When I woke up on Election Day– I had already decided. I wasn’t going to vote. I thought, “What difference does my one vote make anyway?” Plus–I just did not want to deal with long lines or parking problems or people. I was in a sour mood.
My mother, on the other hand, was getting ready early. She was determined to get to the polling place and vote. She was beyond excited. “This is historic. It’s important,” she said.
My older sister had already agreed to take our mother to vote later in the afternoon. But around 10:00 am, my twin sister suggested we make a dry run to see about handicap parking before our older sister arrived.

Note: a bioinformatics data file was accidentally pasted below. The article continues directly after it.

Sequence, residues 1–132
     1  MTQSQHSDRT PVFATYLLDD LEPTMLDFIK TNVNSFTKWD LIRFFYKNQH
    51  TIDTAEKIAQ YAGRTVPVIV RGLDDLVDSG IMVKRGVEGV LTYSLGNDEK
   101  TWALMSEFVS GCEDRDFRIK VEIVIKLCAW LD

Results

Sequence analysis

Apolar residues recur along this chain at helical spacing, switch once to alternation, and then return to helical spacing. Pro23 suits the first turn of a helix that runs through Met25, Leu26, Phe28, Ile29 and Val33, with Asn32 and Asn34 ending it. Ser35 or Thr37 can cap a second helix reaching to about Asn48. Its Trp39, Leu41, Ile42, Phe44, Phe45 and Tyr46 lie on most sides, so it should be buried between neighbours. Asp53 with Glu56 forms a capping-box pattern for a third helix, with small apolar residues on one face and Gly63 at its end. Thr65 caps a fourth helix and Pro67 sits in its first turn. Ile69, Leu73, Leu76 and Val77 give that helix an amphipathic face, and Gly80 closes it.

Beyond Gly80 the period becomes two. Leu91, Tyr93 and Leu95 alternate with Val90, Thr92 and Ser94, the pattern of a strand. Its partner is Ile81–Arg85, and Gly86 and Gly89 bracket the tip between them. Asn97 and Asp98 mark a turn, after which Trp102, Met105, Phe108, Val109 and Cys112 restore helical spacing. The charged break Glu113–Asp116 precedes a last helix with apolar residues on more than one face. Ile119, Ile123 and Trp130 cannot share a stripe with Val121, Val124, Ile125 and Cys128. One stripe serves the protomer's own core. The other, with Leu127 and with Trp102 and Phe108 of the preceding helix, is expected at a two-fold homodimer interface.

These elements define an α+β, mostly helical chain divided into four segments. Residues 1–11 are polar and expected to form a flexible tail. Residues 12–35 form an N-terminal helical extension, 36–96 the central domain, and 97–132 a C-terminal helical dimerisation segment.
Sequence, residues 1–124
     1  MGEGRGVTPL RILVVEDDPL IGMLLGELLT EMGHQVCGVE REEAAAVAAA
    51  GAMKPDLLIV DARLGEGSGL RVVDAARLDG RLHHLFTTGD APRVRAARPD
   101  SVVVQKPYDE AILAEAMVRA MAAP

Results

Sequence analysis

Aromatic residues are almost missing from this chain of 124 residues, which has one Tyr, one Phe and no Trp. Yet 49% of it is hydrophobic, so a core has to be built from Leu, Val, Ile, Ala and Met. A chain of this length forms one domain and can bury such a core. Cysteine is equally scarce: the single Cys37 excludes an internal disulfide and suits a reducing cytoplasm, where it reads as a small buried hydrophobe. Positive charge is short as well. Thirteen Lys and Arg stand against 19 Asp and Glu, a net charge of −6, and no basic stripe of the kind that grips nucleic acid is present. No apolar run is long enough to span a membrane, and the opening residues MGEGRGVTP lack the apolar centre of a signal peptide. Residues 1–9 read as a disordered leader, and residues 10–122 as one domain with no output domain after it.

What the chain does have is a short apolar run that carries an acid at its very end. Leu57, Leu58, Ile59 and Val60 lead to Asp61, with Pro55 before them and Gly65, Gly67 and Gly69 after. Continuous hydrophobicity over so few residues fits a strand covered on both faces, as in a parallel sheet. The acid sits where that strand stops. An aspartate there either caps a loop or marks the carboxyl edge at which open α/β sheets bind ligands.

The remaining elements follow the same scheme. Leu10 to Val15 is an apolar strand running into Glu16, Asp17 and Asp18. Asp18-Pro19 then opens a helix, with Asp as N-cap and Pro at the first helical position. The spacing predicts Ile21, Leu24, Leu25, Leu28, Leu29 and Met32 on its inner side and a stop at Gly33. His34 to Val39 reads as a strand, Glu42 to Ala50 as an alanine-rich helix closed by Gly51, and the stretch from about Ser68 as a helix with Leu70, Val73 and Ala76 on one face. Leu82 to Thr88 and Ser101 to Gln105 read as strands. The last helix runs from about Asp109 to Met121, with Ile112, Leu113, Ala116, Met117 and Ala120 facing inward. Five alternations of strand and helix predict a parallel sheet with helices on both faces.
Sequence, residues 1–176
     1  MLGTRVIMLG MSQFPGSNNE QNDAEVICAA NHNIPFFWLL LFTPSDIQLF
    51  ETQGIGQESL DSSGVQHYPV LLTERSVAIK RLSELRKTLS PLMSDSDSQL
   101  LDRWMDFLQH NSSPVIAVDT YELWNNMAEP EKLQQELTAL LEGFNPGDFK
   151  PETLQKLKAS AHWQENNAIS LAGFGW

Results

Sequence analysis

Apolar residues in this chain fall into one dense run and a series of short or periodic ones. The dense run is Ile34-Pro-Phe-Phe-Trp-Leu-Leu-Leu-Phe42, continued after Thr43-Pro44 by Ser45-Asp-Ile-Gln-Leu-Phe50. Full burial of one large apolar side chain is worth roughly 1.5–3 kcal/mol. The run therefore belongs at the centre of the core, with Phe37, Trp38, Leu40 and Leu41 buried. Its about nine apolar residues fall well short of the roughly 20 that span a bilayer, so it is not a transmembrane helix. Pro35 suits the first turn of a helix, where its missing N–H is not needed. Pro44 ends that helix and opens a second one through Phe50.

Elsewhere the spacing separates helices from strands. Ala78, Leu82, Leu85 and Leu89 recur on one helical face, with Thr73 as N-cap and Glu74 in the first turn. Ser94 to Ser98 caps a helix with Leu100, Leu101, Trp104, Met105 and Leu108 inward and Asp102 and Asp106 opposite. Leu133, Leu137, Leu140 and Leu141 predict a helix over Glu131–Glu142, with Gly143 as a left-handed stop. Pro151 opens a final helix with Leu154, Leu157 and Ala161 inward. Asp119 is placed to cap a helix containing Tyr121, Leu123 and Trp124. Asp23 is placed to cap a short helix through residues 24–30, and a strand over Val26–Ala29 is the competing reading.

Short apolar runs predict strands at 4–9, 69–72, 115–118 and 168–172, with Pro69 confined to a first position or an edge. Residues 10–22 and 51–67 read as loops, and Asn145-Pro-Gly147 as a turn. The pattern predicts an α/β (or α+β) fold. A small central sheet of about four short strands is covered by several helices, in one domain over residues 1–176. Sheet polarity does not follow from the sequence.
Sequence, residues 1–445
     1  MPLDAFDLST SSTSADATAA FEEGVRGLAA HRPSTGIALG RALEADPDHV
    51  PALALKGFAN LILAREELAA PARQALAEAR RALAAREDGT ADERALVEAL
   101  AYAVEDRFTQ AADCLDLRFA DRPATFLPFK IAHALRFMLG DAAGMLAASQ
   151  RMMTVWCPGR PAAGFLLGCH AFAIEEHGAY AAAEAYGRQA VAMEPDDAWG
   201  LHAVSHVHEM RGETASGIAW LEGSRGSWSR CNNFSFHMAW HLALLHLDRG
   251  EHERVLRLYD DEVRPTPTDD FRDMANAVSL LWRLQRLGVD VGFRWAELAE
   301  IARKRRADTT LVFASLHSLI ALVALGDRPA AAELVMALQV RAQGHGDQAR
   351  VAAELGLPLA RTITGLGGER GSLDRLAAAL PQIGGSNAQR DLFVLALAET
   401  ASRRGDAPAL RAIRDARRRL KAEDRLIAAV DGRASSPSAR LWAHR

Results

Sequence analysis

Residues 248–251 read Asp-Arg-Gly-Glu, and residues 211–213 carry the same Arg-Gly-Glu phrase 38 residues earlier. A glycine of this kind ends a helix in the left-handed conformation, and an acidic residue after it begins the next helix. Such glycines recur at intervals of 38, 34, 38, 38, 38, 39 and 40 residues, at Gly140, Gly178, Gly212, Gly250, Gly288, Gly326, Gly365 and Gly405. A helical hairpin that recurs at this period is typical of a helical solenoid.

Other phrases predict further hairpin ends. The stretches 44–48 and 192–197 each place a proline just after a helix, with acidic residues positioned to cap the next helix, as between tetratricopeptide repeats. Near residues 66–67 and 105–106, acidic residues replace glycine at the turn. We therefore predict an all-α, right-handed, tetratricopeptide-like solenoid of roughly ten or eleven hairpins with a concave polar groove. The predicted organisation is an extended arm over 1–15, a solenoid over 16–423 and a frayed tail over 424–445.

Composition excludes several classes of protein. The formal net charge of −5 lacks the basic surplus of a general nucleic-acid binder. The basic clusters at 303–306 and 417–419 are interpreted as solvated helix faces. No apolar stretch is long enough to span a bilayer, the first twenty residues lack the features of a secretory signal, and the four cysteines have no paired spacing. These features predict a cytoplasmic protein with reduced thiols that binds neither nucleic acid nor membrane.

Surprisingly, the polling place was practically empty. There was ample parking–even handicap parking right at the front door. Clearly, there was no turning back.
So I voted. We voted– and I’m glad we did. I realize now that my mother needed to feel a sense of normalcy again. She got a chance to let go of her own worries to focus on something different, something a little bigger for the moment. That was important, and a good reason for me.